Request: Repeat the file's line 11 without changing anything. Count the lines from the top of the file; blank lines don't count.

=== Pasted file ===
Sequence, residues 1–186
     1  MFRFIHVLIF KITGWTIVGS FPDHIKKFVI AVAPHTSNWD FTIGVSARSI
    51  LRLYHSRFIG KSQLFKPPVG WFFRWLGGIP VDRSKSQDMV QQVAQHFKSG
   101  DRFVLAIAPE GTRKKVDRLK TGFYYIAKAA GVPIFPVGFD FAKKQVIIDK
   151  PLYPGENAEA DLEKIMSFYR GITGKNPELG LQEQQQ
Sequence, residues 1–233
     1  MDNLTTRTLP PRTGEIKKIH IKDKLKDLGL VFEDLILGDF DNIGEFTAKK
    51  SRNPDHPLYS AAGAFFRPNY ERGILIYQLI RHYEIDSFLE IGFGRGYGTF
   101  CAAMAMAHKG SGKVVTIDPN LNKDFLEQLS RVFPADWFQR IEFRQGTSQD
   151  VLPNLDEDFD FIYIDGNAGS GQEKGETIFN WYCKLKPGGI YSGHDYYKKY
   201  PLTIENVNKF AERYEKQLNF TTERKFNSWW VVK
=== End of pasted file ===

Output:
   201  PLTIENVNKF AERYEKQLNF TTERKFNSWW VVK